The Greatest-Ever Lyricists Not Named Bob Dylan
Bob Dylan is generally regarded as the greatest lyricist of all time. After all, there’s no doubting his poetic prowess or genius. Even those who would never label themselves as “Dylan fans” have acknowledged his genius. Now that songwriters are once again eligible to be recognised in the Nobel’s literature category, here is a list of other living legendary lyricists who deserve a shot to make the cut.
Some Nobel purists are not keen on the idea of a musician being awarded a literature prize. At the same time, some musical purists are less than pleased with the idea that such a musician should be Dylan, as opposed to Leonard Cohen. After all, the latter’s contribution to literature is hard to deny, seeing as literary prowess is his very essence. Even his response to Dylan having won the award was poetic in nature.
If previous winners of the Nobel Prize were able to choose future winners, Smokey Robinson could start writing his speech with confidence that his name would be called. That’s based on the fact that Dylan has referred to him as the “greatest living American poet”. That might be something to do with Robinson’s knack of using well-worn love tropes to their most beautiful extent. Or maybe it’s his unmatched use of metre. Whatever the reason, if Dylan had his way, Robinson’s name would have already been called.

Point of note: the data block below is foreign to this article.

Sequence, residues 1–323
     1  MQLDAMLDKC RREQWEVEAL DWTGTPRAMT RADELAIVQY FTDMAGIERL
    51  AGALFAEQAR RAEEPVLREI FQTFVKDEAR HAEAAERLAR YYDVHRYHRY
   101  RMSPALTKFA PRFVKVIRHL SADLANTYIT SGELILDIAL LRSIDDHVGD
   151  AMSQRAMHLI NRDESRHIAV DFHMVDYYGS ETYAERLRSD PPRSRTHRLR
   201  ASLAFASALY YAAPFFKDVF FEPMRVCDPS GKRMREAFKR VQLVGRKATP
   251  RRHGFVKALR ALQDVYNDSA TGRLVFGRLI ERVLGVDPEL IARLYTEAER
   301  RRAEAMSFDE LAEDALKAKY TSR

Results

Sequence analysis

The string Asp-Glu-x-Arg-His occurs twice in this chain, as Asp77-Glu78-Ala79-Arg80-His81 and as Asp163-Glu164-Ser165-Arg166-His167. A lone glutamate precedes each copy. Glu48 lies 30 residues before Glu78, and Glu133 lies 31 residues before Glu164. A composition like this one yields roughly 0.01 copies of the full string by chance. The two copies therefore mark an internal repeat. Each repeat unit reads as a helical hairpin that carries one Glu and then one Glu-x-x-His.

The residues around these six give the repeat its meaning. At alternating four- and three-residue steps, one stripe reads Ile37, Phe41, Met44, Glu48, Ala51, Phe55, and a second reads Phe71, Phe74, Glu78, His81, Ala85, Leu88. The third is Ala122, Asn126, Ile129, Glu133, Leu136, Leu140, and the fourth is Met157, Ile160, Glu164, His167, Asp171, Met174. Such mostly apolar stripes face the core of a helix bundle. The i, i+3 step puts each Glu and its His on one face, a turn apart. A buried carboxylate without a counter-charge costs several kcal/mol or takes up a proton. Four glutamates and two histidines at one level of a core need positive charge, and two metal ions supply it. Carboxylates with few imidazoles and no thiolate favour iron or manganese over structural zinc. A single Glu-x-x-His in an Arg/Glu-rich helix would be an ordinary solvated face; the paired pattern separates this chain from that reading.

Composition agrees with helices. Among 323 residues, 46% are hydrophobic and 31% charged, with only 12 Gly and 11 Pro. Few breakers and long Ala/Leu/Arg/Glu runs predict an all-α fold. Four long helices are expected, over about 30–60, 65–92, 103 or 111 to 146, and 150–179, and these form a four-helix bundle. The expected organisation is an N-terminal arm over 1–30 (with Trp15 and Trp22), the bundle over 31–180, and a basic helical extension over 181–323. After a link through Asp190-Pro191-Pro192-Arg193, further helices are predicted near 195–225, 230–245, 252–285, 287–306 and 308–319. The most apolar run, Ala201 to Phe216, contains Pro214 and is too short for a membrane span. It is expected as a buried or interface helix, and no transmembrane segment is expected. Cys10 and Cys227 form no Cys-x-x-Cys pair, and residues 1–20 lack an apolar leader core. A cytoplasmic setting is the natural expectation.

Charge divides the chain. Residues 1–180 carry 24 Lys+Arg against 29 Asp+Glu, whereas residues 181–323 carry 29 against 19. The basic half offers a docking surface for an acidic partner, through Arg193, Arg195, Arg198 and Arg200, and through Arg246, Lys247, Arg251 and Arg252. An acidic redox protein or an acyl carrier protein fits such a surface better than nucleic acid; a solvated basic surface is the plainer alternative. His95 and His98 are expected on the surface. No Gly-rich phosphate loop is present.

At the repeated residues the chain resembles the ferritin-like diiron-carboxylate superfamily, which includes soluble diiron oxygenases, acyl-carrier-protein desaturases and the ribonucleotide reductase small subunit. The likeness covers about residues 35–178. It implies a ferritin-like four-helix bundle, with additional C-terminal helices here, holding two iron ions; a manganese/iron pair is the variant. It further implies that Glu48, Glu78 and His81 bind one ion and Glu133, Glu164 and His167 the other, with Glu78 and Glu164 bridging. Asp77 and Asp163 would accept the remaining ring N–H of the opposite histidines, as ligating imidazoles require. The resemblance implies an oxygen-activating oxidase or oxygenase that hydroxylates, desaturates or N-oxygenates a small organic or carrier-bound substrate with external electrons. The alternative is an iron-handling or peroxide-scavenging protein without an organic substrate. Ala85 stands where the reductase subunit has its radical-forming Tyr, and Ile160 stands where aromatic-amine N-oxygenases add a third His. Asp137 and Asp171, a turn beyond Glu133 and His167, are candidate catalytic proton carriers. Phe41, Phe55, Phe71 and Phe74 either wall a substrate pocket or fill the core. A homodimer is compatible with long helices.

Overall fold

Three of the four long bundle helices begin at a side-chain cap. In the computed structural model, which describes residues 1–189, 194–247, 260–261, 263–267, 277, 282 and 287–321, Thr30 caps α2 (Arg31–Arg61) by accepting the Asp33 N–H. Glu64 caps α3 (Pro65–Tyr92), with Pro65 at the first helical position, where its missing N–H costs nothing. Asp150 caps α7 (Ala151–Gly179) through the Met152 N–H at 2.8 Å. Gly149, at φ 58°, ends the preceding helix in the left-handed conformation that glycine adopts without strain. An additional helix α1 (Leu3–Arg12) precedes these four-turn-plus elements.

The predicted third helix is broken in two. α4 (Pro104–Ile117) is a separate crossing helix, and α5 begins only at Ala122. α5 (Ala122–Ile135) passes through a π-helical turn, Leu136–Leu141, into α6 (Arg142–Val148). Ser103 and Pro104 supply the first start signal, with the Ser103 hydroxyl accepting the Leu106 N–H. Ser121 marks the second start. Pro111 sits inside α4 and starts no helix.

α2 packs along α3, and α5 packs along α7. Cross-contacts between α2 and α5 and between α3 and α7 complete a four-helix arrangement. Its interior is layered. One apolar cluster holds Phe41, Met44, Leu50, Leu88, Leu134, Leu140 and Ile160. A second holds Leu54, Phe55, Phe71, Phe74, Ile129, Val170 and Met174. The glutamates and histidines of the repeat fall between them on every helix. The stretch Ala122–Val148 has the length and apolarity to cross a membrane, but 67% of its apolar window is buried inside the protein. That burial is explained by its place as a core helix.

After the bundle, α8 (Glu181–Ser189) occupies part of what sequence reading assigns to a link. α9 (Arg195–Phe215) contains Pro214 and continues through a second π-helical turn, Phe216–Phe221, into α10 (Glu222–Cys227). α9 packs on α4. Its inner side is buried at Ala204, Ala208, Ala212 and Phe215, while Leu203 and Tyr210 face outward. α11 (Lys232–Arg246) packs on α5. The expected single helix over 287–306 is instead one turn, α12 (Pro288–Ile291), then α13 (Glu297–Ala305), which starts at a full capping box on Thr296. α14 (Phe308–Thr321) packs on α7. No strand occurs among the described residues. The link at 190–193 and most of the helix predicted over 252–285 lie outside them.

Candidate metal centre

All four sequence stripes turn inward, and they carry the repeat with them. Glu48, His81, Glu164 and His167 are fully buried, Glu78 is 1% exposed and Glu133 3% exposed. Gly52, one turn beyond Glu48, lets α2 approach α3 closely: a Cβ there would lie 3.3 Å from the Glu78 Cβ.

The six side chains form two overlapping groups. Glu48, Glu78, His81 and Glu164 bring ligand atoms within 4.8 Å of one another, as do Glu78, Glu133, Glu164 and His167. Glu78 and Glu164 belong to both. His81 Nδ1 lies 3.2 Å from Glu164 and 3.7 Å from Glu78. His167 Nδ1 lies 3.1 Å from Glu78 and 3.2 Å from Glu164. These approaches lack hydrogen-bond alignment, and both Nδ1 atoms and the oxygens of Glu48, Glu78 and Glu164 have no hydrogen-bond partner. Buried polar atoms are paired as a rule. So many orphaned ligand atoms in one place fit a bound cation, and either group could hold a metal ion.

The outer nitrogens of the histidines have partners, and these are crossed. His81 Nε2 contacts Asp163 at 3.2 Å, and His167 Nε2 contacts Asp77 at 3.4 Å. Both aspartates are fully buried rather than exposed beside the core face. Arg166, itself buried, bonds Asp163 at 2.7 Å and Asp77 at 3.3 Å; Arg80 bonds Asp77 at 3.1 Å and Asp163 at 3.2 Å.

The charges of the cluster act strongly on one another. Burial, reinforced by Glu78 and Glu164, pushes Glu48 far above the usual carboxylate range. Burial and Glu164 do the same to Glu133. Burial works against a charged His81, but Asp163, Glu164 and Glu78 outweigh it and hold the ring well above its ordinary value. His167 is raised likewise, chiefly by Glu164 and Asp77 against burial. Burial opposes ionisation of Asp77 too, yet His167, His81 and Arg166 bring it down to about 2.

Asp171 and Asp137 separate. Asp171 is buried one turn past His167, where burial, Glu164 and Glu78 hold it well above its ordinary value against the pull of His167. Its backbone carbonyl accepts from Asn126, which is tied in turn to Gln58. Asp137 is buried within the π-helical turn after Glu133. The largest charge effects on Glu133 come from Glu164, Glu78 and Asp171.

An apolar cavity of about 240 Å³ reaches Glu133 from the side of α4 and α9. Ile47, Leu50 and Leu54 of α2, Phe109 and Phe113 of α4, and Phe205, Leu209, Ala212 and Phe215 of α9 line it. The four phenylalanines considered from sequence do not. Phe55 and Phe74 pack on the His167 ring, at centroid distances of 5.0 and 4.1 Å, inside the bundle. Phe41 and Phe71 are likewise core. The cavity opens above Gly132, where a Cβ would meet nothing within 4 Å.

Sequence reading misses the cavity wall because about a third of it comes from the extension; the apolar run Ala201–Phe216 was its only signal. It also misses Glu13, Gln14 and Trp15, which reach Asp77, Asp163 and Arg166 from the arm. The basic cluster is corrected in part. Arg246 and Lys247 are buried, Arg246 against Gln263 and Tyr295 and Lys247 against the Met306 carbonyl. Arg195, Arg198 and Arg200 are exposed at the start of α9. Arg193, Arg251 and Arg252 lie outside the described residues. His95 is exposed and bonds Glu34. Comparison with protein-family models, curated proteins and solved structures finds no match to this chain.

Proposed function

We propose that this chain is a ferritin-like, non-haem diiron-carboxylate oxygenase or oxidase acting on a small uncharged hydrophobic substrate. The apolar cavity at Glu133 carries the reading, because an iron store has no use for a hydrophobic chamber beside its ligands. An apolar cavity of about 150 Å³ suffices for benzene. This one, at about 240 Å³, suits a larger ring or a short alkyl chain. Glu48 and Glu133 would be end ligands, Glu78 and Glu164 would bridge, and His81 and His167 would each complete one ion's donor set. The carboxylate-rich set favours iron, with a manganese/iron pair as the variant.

Joni Mitchell doesn’t regard herself as a poet. Instead, she sees herself as a painter who writes songs. If that’s true, she seems to have managed to paint humanity with fines details and the broadest of universal strokes- from the enduring shade of blue to the yellow of a big taxi to a morning’s crimson causal beads. If they’re awarding Nobel Prizes to poetry, what not painters of poetry?
Dismissing the niceties associated with happy endings and love that were once the hallmark of musical theatre, Sondheim’s lyrics are as nuanced, topsy-turvy, complex, and dark as the human condition itself. His impact, however, is tremendous- from A Little Night Music to Sweeney Todd to West Side Story, there’s no doubting the man’s literature skills are deserving of a Nobel prize. That’s if he has enough room on his shelf along with his Pulitzer, Academy Award, Tonys, and Grammys.
Kris Kristofferson’s life has certainly been a colourful one, and at shows in his subtly nuanced and richly textured lyrics. While he’s better known for holding a half-gallon of Jose Cuervo than for his Oxford University master’s degree in English, make no mistake about not: Kristofferson is a Rhodes scholar and a true academic. In 1965, when he first arrived in the state of Tennessee, he infused the Nashville sound with his own style: a personal and confessional kind of storytelling not yet heard in country music. You could call him a rebel of the genre.